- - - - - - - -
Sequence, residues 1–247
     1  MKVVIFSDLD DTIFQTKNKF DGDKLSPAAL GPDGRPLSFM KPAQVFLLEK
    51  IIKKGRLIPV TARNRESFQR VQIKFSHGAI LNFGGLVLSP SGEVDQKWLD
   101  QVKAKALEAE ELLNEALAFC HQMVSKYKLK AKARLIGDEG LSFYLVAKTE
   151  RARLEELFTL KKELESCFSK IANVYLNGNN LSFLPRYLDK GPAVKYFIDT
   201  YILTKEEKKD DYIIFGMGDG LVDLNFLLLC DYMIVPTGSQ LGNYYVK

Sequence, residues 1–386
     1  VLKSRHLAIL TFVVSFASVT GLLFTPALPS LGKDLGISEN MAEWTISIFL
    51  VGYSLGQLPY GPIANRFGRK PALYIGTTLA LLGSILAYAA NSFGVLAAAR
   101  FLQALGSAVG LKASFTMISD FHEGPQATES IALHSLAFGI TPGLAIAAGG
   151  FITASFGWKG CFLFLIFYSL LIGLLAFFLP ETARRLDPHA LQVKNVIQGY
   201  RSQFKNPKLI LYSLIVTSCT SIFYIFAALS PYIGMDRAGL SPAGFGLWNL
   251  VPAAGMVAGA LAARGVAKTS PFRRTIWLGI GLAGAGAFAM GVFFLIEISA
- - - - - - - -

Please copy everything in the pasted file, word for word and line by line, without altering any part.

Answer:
Sequence, residues 1–247
     1  MKVVIFSDLD DTIFQTKNKF DGDKLSPAAL GPDGRPLSFM KPAQVFLLEK
    51  IIKKGRLIPV TARNRESFQR VQIKFSHGAI LNFGGLVLSP SGEVDQKWLD
   101  QVKAKALEAE ELLNEALAFC HQMVSKYKLK AKARLIGDEG LSFYLVAKTE
   151  RARLEELFTL KKELESCFSK IANVYLNGNN LSFLPRYLDK GPAVKYFIDT
   201  YILTKEEKKD DYIIFGMGDG LVDLNFLLLC DYMIVPTGSQ LGNYYVK

Sequence, residues 1–386
     1  VLKSRHLAIL TFVVSFASVT GLLFTPALPS LGKDLGISEN MAEWTISIFL
    51  VGYSLGQLPY GPIANRFGRK PALYIGTTLA LLGSILAYAA NSFGVLAAAR
   101  FLQALGSAVG LKASFTMISD FHEGPQATES IALHSLAFGI TPGLAIAAGG
   151  FITASFGWKG CFLFLIFYSL LIGLLAFFLP ETARRLDPHA LQVKNVIQGY
   201  RSQFKNPKLI LYSLIVTSCT SIFYIFAALS PYIGMDRAGL SPAGFGLWNL
   251  VPAAGMVAGA LAARGVAKTS PFRRTIWLGI GLAGAGAFAM GVFFLIEISA